The Right FIT Newsletter #133 – Contrast effect, Bench strength, Scrambles
GREG’S RIGHT FIT NEWSLETTER #133
Quick notes to help you get more sales and marketing done in less time. . . next week.
In this issue: Contrast Effect
– Techniques for FIT
– Being Human
– Random Stuff
Techniques for FIT
- You’ve heard “it’s all relative.” Short NBA players are tall people, for instance. Humans love to know where they stand in relation to each other. Your people do it all the time. Keep that in mind when watching an employee suffer through the pain of non-performance.
- “A players hire A players, but B players hire C players” is nonsense. Most employers don’t have a standard of performance, let alone a high standard of performance. If you’re around a bunch of slackers, you either slack-off yourself, or you leave. Either way is bad for the employer.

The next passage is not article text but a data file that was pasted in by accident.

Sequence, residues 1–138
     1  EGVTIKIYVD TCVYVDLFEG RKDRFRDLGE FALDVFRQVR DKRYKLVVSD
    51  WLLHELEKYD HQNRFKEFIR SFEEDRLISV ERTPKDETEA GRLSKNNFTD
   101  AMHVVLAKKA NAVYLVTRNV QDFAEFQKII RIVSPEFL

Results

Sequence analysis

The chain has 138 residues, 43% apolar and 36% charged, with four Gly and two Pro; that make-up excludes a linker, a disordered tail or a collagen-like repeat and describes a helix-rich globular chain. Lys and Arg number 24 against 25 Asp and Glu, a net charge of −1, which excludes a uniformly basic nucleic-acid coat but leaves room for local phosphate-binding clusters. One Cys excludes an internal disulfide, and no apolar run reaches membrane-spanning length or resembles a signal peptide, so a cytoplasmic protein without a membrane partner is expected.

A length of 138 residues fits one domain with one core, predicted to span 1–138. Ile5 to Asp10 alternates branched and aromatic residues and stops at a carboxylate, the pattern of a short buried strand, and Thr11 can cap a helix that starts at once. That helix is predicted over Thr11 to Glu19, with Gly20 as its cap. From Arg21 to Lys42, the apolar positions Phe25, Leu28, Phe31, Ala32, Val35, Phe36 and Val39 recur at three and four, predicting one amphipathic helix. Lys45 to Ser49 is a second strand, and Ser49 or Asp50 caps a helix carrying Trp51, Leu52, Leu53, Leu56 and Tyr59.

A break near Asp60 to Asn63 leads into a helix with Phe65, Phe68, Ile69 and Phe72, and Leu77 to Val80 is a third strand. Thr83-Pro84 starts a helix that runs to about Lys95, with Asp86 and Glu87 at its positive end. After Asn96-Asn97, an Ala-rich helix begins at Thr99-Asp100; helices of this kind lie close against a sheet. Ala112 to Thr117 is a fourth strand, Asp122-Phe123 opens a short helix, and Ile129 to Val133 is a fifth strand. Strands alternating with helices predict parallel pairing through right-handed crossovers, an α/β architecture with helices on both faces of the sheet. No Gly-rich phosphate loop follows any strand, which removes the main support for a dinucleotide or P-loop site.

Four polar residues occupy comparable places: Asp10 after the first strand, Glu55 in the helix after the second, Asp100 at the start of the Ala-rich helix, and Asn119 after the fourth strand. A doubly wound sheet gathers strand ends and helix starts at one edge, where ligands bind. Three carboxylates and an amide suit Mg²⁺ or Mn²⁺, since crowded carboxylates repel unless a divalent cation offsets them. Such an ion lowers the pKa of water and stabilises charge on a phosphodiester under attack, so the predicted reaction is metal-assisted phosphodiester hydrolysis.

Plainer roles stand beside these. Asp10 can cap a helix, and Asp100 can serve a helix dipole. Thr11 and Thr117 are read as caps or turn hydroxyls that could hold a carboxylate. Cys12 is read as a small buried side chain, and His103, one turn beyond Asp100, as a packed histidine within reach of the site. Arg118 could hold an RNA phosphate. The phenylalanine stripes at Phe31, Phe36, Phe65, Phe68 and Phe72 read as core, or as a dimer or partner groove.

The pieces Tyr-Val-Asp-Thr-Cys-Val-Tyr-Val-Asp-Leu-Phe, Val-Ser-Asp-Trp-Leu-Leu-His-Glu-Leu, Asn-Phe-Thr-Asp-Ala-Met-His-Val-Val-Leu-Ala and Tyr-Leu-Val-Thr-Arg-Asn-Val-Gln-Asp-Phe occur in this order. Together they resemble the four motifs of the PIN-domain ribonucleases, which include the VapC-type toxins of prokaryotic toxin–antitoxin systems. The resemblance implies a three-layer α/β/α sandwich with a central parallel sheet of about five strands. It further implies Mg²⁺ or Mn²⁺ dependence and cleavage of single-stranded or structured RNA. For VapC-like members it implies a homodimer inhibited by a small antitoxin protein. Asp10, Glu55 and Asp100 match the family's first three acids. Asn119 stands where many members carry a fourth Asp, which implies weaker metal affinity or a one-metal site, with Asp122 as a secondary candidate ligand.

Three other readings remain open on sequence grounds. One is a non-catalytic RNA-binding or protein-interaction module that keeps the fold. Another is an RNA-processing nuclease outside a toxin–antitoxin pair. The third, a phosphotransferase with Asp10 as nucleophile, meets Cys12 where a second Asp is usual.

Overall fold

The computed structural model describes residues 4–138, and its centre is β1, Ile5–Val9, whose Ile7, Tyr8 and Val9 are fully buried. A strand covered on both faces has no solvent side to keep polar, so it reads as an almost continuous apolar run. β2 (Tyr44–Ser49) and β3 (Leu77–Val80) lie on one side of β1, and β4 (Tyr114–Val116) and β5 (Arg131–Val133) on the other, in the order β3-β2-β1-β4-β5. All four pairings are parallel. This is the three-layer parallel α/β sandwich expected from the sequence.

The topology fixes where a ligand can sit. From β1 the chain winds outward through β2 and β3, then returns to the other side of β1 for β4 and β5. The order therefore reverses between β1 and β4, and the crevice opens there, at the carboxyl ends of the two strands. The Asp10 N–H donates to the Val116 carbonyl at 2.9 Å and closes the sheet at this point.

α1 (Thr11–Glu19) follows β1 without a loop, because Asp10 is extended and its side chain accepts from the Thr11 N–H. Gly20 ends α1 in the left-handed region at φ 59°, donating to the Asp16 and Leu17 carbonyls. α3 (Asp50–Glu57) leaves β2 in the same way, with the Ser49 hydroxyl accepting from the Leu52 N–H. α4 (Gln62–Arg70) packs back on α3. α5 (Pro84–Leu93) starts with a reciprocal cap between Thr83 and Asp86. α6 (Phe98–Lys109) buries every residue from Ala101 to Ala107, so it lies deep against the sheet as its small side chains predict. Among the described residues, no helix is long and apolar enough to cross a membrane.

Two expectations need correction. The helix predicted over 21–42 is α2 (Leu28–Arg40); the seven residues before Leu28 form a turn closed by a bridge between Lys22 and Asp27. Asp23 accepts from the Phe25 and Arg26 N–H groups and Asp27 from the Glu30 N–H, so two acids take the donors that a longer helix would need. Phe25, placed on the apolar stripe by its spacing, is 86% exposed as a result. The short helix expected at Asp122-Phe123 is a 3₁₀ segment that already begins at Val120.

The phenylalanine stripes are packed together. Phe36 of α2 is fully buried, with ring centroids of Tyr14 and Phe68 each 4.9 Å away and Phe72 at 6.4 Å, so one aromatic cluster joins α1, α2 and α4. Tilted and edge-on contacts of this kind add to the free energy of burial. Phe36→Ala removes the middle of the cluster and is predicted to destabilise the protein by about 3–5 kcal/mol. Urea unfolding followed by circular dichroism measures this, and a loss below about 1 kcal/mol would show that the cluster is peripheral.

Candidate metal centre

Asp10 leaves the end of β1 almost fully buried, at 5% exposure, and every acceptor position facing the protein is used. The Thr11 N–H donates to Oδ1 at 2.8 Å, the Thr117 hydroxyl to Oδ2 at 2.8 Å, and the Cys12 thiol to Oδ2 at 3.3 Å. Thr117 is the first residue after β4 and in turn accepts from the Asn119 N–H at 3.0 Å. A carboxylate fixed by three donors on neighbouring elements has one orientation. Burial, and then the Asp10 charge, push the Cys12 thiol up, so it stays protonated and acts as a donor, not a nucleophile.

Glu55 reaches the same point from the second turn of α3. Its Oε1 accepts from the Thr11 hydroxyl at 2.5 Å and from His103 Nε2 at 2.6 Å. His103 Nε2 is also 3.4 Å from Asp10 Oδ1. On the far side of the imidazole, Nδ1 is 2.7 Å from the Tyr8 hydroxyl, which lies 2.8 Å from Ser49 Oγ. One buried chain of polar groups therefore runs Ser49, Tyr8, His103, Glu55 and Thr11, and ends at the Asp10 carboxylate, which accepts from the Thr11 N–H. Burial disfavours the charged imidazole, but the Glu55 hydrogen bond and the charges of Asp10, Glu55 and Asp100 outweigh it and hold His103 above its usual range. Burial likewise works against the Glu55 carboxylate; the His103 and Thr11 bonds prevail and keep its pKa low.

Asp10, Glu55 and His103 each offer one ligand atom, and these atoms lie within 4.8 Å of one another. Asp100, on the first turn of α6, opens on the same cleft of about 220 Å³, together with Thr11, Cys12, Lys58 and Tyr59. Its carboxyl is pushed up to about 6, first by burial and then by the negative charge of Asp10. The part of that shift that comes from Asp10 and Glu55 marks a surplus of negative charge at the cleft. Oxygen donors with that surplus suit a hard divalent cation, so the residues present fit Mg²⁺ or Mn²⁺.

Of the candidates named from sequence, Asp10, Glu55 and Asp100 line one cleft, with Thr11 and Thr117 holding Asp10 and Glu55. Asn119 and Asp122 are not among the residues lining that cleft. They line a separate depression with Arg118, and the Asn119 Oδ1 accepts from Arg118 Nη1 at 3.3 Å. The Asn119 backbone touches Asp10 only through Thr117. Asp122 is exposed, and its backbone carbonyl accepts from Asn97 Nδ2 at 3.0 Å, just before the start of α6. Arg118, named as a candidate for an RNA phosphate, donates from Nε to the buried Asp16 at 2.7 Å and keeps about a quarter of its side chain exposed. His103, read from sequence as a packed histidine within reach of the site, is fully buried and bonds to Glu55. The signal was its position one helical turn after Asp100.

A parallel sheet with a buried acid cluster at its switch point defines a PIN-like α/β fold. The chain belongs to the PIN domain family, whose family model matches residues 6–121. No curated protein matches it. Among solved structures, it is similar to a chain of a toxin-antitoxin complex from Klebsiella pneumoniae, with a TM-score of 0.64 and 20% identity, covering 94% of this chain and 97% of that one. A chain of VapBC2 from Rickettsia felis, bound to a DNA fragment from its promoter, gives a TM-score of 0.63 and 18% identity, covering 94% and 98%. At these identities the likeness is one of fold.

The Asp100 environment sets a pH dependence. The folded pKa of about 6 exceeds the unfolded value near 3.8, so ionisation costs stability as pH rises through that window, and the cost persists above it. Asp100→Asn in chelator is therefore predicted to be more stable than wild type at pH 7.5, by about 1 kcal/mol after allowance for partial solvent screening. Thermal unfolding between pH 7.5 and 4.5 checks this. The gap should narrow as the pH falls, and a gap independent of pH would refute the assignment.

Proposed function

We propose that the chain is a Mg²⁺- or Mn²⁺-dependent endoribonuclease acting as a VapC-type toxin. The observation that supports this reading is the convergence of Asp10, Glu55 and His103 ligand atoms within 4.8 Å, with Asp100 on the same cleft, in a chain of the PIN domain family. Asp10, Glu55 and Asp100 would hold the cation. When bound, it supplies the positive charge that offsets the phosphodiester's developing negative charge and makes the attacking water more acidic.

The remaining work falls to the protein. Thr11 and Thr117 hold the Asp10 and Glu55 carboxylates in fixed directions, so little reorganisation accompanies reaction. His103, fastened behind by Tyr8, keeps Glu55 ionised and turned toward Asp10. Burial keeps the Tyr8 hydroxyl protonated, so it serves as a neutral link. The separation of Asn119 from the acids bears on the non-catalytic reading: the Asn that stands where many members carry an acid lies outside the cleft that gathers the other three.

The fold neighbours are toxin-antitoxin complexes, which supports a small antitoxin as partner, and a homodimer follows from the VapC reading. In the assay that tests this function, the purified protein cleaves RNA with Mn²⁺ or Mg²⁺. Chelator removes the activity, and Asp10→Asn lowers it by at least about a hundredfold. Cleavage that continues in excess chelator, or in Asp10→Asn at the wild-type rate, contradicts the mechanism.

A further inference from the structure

- Bold managers are bold because either they don’t care, or they have bench strength. More on that in the next section.
- Perception is reality. Especially in your people. Just remember this: chances are, they’re not really thinking of how they stand with you. They’re thinking of how they stand in contrast to their co-workers.
Being Human – Building bench strength
More good stuff taken from The Human Being’s Guide to Business Growth, 2018. (Another clip. Combat the “contrast effect” by building a bench strength.)
Building Bench Strength
As you can imagine, conversations about change, and their confrontational nature, aren’t the easiest issues to work through. As you demand accountability to your company’s strategic vision, it shouldn’t come as a surprise that some very talented people, including the ones that you have identified as future ready right now, may not buy in. The solution to this problem falls into two buckets.